360km (223 miles) NE of Natal, 545km (337 miles) NE of Recife
High season in Fernando de Noronha is in July, and December through March, especially the time between Reveillon (New Year's Eve) and Carnaval. Pousadas fill up, and prices for everything rise. In low season (all other times) prices are slightly more reasonable and bargaining is possible -- though Fernando de Noronha is still pricier than the rest of Brazil.
Both Gol (tel. 0300/115-2121; www.voegol.com.br) and TRIP (tel. 0300/789-8747; www.voetrip.com.br) have flights to Noronha. The Aeroporto Fernando de Noronha (tel. 081/3619-1633) is in the island's center, a R$25 taxi ride from anywhere.
The main island, Ilha de Fernando de Noronha, has two distinct sides, a gentle one facing the Brazilian coast and a rockier, rougher one facing the Atlantic. The inshore coast is the place for surfing and lazing on the beach. The offshore beach is for watching the waves crash in.
One paved road, BR-363, runs from Baía do Sueste at one end of the island to the port in Baía Santo Antonio at the other. The most settled area on Noronha is Vila dos Remédios. This is where you'll find the city hall, the church, the old fort, the only bar/disco, the post office, and the offices of Atlantis Divers. Up a small hill about 1km (1/2 mile) away is Vila do Trinta. This area has a couple of restaurants, the police, pharmacy, and main grocery store all together inside the walls of the old armory. Porto Santo Antonio has several watersports operators and a few restaurants and pubs. The hospital, school, and other services for locals are located on BR-363 in the middle of the island. The old American army base at Alameda do Boldró has boring necessary stuff like the power station and the water plant, but it also has the Tamar Visitor Center, which features a small museum where they hold nightly nature talks.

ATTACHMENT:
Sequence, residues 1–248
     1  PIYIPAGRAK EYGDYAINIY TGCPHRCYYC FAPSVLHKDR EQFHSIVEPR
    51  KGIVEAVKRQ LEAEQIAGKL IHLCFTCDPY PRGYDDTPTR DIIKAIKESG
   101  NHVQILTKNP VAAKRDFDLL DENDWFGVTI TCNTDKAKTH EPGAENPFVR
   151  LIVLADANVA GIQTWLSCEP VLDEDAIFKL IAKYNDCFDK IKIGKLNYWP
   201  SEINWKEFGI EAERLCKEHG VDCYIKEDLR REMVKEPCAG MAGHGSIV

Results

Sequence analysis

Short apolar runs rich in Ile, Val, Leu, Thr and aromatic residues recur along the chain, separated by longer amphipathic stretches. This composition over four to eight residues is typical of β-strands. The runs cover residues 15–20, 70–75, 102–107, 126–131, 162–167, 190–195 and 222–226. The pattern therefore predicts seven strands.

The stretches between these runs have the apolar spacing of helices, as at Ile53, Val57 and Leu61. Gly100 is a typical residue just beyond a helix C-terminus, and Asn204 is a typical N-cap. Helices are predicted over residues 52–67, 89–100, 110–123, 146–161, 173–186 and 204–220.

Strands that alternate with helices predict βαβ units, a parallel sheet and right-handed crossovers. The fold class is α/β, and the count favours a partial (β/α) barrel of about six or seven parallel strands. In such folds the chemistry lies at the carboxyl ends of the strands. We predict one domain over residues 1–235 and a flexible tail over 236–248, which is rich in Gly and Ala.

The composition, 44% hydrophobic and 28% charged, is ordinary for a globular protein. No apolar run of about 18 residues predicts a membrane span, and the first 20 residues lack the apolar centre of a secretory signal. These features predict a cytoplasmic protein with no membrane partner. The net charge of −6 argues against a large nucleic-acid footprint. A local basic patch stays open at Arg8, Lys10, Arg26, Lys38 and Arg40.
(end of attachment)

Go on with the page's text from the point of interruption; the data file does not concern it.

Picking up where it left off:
By Bus -- Public minibuses depart at 30-minute intervals from opposite ends of the island, running along the main highway (BR-363) from Baía Sueste to Porto Santo Antonio with stops along the way. The bus runs from 5am to 10pm. Cost is R$3.25.
By Taxi -- Chances are, wherever you go on the island there'll be a taxi ponto with a buggy driver waiting for your business. Should you find yourself unaccountably taxiless, NorTax (tel. 081/3619-1314) will dispatch a buggy from its fleet. Prices for all drivers are fixed according to a table, which the driver will be happy to flash in your face should you utter so much as a peep about the cost. The fare from Vila dos Remédios to Baía do Sueste on the far end of the island costs about R$35; from Vila Remédios to the Tamar Visitor Center is R$20; from Vila Remédios to the port, R$15.
Renting a Dune Buggy -- Tooling around back roads to various beaches is one of the most fun things to do on the island. Buggies can be rented just about anywhere -- ask at your pousada. LocBuggy (tel. 081/3619-1490; www.locbuggy.com.br) provides 24-hour service, and also rents motorcycles, 4*4s, and powerboats. Other agencies include Locadora Morro do Farol (tel. 081/9967-8887; www.locadoramorrodofarol.com.br) in Al. Boldro, and Locadora Marlin in Remédios (tel. 081/3619-1223). A driver's license is not required. The price is currently R$125 per day, though if you rent for several days you can often get a 10% to 20% discount. The cost is the same with or without driver. Gas costs about R$5 per liter (about US$10 per gallon). A day of exploring around the island will eat up about half a tank, currently about R$75.
The official government website, www.noronha.pe.gov.br, has an English-language version with much useful information. Free maps of the island (with English text) are available in pamphlet racks at the airport. An intermittently staffed and not very useful tourist information office is on the lower floor of the Palácio São Miguel (city hall) in the island's largest town, Vila Remédios (tel. 081/3619-1378). There's good information on the island's natural history at the Projeto Tamar office at Av. do Boldró s/n (tel. 081/3619-1171; www.tamar.org.br).